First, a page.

Join us for an adventurous treasure hunt in the Altaussee salt mine!
If you are a small adventurer or big history fan searching for a great excursion destination, then Salzwelten Altaussee in the Styrian Salzkammergut region is definitely the right place for you! Although… The treasure hunt you will embark on here, deep underground, actually has practically nothing at all to do with gold and precious jewels. It’s far more about glistening orangey-red passageways and mysterious subterranean chapels, looted art treasures and a shimmering mirrorlike salt lake. Though also, of course, “white gold” – salt, in other words, which has been mined here in Austria’s biggest still active salt mine since the early Middle Ages. So, join us on a unique treasure hunt in the depths of Sandling mountain!
Starting point for the 90-minute subterranean treasure hunt is the Steinberghaus.
And by the way: Before throwing yourself into the adventure, you might want to pay a visit to a fun cartoon exhibition first. Also bear in mind: Inside the mountain, the temperature is about 8°C year-round and the ground itself is uneven – so, warm clothes and sturdy shoes are also advisable in summer. Furthermore, you will have a 2.5 km walk ahead of you through this “mountain of treasures”. And now, all decked out in special protective gear, your adventure can begin …
It’s amazing how everything sparkles and glistens! In the historic Altaussee salt mine, a very extraordinary treasure accompanies you every step of the way: You see, the tunnels consist of pure rock salt! In the light of the lamps, the walls glisten and shimmer in the infinite hues of oranges and reds. For kilometer upon kilometer, the rock salt reveals itself in an astonishing breadth of forms and colors. Does it taste salty? How does it feel to the touch? Go ahead and find out for yourself!
Yet another treasure is waiting to be discovered roughly 700 meters below ground: the mystical Barbara Chapel. It was created back in 1935 by a group of Aussee miners – out of blocks of pure rock salt! The play of color there is truly impressive: everything shimmers in red, yellow and orange. And as the name suggests, the chapel is consecrated to Saint Barbara, the patron saint of miners. To this day, happy couples “tie the knot” beneath the eyes of the gothic statue of Saint Barbara, simultaneously gazing upon a baroque Madonna. And who knows, maybe a wedding ceremony surrounded by salt will add even more “spice” to their lives?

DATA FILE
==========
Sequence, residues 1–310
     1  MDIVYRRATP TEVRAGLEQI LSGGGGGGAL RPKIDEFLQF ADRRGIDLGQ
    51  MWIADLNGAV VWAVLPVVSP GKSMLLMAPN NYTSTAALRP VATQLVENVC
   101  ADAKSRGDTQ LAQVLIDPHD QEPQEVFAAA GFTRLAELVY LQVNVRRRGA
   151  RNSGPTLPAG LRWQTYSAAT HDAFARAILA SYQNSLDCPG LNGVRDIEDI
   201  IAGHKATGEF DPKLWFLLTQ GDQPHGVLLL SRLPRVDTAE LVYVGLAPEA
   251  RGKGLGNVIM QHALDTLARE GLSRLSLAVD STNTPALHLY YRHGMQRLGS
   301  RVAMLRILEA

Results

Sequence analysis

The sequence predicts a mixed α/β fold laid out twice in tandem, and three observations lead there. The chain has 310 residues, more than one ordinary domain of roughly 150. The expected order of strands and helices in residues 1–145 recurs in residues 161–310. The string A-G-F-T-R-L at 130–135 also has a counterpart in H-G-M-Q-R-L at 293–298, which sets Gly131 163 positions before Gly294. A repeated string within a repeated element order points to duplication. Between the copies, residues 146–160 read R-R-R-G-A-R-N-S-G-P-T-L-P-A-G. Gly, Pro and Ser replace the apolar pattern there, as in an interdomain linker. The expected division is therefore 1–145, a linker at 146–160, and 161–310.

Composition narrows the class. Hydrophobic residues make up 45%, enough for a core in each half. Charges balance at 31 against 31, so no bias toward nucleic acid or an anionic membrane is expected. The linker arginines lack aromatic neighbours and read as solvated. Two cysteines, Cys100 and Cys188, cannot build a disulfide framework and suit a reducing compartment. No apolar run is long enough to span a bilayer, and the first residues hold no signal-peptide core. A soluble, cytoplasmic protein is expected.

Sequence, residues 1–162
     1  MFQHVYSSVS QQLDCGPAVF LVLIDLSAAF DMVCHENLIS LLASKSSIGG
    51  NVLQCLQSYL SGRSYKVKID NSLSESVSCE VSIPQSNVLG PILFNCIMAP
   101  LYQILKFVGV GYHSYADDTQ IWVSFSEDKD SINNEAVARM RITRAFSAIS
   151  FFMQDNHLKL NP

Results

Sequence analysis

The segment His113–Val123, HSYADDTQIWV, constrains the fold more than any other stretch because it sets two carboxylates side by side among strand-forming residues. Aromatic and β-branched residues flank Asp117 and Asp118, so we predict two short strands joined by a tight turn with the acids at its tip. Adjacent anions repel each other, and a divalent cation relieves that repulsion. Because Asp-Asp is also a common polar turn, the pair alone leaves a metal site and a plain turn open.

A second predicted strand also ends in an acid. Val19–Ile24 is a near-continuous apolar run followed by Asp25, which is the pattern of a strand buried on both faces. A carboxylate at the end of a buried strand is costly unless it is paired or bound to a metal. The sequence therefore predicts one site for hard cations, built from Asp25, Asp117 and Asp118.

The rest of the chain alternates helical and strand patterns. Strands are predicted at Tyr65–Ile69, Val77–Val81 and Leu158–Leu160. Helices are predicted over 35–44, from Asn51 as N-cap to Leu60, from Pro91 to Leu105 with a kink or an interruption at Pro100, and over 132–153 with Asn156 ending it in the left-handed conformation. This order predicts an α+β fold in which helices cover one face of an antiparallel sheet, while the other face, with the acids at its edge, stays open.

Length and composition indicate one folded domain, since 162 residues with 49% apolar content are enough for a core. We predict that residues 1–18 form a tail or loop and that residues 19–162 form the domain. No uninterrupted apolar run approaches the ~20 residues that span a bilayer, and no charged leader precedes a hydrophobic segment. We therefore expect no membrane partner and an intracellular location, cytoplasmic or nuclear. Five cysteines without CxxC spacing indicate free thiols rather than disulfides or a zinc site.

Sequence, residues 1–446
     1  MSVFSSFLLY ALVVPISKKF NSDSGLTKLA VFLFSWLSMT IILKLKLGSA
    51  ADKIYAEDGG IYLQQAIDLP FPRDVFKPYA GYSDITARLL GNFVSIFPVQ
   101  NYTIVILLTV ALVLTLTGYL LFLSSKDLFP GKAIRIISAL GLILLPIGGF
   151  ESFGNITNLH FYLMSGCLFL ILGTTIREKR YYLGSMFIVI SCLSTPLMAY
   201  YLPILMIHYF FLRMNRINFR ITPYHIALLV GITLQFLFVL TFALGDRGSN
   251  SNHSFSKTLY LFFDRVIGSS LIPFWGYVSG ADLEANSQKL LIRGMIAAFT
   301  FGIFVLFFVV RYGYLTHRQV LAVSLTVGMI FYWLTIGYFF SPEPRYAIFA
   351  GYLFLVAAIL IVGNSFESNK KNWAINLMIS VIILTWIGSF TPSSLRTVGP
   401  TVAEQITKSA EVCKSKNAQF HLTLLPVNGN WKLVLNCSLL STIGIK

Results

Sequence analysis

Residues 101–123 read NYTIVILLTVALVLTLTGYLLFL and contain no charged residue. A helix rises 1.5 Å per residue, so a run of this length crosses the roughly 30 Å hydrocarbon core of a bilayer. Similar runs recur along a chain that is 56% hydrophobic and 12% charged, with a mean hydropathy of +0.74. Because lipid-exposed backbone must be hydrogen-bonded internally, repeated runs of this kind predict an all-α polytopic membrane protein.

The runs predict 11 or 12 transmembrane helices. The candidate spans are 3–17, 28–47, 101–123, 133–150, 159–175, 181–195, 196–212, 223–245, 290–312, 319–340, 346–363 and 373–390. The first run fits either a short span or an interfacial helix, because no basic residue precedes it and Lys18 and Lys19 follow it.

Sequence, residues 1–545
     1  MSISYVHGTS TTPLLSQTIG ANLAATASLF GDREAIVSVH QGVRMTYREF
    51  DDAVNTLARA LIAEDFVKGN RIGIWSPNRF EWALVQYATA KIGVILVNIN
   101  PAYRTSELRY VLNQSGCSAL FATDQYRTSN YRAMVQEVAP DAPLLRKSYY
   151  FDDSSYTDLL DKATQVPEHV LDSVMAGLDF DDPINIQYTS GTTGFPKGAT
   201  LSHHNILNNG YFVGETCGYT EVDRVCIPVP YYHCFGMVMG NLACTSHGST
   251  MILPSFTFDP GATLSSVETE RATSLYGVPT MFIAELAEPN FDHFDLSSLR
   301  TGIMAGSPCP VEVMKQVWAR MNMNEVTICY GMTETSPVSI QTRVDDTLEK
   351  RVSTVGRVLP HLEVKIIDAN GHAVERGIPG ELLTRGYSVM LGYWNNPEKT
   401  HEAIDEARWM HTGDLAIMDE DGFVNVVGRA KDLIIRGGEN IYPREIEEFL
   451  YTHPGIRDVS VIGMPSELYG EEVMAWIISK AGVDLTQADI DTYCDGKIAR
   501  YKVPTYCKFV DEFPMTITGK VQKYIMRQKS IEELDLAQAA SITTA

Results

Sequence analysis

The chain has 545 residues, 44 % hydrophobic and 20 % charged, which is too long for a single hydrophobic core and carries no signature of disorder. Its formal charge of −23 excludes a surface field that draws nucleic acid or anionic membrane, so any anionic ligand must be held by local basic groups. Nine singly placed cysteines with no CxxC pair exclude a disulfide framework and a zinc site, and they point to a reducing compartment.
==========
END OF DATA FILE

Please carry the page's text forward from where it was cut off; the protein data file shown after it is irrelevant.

One interesting detail, incidentally, is a depiction of Saint Egidius. He is the patron saint of Altaussee and the reason why the famous Altausseer Kirtag fair is always celebrated on the first weekend after his feast day on 1 September.
The miners’ slides are guaranteed to be an especially fun and exciting part of your mine tour. The miners of old used them in order to move swiftly between two tiers of the salt mine. In Altaussee, there are actually 18 such “horizons” in total – 11 of which can still be walked through. During this tour, you will twice slither down into the depths of the mountain by means of these wooden slides. Who knows, maybe you will even set a new speed record. And don’t forget: Smile – because you will be on “candid” camera! However, if all of this excitement is a little too much for you, you are also welcome to take the stairs instead …
Yet another precious moment in the course of your tour comes in the form of a subterranean salt lake. The dark water appears to come from a whole other world, seemingly endless and as flat as a mirror in the midst of a cave. Your enchantment will become complete as soon as the spectacular light and sound show, including specially composed music, begins.
The exhibition “The Fortune of Art” recounts the exciting story of why the Altaussee salt mine doubled in 1943 as a warehouse for art treasures of inestimable value, and how a courageous group of Aussee miners were able to save those treasures from destruction by the National Socialists. More remarkable still: The exhibition is held at the exact location where the Nazis stored the looted art treasures – in the 270 m² “Springerwerk”. Stored within these chambers were paintings by Jan Vermeer, Pieter Brueghel and Rembrandt, though also the Tassilo Chalice from Kremsmünster Abbey, the giant bible from St. Florian’s Monastery and the spectacular Ghent Altarpiece by the brothers van Eyck.
The absolute prize of the hidden art treasures in Altaussee was, beyond a doubt, Michelangelo’s Madonna from the Church of our Lady in Bruges. This had been stolen from the church by the Nazis in 1944, taking an adventurous journey of its own before ending up in Altaussee. After the war, American art experts returned it undamaged to Belgium. A cast of the original statue in Bruges was made especially for the exhibition at Salzwelten Altaussee.
Have our spectacular pictures from the depths of the mountain whet your appetite to set out on your own personal treasure hunt? In that case, now’s the perfect time to pick up your practical online ticket – no need to wait in line, admission guaranteed at the exact time you book.